Ilsa allows Liesel to visit, read, and steal books from her personal library. In the end, there's a distinct air of solipsism to this tale. He is very supportive of the Nazi party and fights with his father about it frequently. On the way home from school, Liesel believes she has seen Max in a line of Jews being forcibly marched through town, and she begins screaming his name, running through the line. In both the book and the movie, the German couple hides a Jew named Max Vandenburg in their basement, which causes tension and worry. Retrieved February 23, 2014. While working, Hans sees a neighbour and friend named Lehman being taken away by the police because he is a Jew.
Retrieved January 1, 2014. Hans tries to intervene, telling the officer that Lehman is a good man, but Hans's name is taken by the soldiers and he is thrown to the ground. He tells the family, and Max realises he must leave in order to protect them. Retrieved March 10, 2014. Hans returns home after being injured, and the family is reunited only for a short time.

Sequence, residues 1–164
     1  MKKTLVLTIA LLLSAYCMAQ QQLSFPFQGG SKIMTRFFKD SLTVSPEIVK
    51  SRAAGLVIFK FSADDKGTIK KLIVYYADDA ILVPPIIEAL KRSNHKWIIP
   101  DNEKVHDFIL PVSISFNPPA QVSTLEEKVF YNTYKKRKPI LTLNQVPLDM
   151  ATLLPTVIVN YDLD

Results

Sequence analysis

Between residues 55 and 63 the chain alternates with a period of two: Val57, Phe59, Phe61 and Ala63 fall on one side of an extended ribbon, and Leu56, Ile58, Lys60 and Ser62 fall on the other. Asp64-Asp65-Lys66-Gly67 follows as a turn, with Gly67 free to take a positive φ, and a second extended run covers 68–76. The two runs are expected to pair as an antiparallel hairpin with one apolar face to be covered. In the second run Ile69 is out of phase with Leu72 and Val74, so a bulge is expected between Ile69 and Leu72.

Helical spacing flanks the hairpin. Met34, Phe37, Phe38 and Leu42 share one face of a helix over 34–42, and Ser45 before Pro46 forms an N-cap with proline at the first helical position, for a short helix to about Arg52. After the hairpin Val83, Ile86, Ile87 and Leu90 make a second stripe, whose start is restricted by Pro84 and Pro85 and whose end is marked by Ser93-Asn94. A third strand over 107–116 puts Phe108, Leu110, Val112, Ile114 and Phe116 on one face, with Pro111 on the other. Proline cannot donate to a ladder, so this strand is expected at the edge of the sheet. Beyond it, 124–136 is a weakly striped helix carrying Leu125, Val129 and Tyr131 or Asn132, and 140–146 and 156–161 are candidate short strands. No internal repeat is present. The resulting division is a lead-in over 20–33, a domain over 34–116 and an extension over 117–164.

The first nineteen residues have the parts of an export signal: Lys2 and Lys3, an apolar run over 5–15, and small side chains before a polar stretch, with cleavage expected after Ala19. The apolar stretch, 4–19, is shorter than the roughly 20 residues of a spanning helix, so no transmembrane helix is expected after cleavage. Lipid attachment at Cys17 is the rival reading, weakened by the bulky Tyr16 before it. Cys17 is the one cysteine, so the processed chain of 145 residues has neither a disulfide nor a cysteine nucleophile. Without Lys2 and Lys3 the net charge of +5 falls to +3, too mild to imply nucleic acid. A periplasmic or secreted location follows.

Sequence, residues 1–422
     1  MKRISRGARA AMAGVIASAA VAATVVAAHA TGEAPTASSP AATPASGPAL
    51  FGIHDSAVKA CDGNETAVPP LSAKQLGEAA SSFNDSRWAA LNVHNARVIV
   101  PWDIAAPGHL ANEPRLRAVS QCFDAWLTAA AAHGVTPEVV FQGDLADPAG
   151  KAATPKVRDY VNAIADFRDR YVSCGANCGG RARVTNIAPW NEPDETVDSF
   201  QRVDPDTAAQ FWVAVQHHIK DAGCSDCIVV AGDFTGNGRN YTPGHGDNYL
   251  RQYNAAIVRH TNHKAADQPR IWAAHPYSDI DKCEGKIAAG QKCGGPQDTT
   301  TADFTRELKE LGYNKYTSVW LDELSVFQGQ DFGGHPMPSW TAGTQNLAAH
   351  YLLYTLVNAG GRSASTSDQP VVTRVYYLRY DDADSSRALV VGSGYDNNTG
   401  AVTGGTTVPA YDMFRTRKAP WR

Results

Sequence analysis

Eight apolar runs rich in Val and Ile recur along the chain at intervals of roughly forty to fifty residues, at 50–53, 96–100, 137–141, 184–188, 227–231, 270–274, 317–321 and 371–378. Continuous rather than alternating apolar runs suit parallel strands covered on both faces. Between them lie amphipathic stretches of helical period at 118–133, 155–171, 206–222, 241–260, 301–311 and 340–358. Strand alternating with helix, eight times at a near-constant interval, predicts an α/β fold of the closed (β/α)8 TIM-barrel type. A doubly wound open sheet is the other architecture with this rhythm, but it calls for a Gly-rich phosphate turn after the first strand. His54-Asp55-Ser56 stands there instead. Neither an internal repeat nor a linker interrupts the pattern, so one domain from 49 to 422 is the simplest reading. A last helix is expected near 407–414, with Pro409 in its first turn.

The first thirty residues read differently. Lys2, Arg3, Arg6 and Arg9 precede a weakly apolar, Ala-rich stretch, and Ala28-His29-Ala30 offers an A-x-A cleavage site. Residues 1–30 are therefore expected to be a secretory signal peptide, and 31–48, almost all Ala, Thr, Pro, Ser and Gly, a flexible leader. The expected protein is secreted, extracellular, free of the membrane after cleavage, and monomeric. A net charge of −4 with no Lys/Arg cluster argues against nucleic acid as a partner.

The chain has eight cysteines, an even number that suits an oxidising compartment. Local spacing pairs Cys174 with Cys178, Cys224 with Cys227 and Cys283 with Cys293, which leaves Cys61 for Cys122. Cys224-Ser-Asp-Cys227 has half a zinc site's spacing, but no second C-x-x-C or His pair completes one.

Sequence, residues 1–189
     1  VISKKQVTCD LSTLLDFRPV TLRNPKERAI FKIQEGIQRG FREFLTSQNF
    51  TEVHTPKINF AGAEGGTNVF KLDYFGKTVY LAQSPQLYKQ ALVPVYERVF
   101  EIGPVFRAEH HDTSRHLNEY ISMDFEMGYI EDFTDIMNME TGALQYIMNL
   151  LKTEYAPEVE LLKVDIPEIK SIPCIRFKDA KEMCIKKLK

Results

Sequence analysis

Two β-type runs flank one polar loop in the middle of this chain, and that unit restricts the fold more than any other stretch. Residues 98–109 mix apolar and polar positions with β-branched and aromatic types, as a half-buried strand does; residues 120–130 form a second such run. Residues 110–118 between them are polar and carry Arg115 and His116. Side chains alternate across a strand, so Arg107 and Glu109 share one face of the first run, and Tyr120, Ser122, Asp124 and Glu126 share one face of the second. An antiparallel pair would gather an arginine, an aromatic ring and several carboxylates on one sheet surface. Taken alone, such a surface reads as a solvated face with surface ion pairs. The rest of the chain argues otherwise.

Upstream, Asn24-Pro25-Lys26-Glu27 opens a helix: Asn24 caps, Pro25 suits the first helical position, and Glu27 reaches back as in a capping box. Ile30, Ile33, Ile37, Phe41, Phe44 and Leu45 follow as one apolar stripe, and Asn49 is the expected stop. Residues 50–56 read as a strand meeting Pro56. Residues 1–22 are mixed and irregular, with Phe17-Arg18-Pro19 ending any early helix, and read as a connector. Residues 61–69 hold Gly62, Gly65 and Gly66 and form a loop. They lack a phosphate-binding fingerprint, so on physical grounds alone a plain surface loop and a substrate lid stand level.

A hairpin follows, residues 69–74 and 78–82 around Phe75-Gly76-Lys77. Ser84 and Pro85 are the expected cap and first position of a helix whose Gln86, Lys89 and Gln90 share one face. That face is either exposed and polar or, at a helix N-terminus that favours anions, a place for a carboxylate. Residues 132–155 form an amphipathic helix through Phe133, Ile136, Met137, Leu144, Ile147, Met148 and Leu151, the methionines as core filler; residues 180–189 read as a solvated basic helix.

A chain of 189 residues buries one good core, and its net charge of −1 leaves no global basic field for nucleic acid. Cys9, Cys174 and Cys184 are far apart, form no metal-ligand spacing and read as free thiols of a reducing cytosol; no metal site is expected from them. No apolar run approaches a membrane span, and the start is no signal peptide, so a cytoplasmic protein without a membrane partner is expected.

She also gives Liesel a little black book, which leads Liesel to write her own story, "The Book Thief". Rosa Huberman's abrasive and oft-times scatological speech towards her family and others is emblematic of the despairing lives of the poorer classes. Retrieved 4 May 2015. She fell into a state of depression after the death of her only son in the Great War. Whatever its source, her newfound passion is one she shares with Max Our heroine's bookishness, meanwhile, is mainly a source of bemusement to Rudy Nico Liersh , the flaxen-haired neighbor boy who befriends and dotes on her. Retrieved 6 January 2013.
Rudy Steiner, a boy who lives next door, accompanies her on her first day of school. This valorization of reading is a transparent come-on in many books aimed at young readers. Other adults, though, are more apt to find the proceedings an occasion for fits of squirming and eye-rolling. While director Percival "Downton Abbey" elicits estimable performances from his cast, especially Nelisse, Rush and Watson, the visible world he embeds them in looks like a set from an old studio movie or a '50s TV sitcom. The Book Thief weaves a consistent thread of humanity through its narrative via the commonality of Death, storytelling and the concept of free will. He has brown, feather-like hair and swampy brown eyes. As a member of a relatively poor household with six children, Rudy is habitually hungry.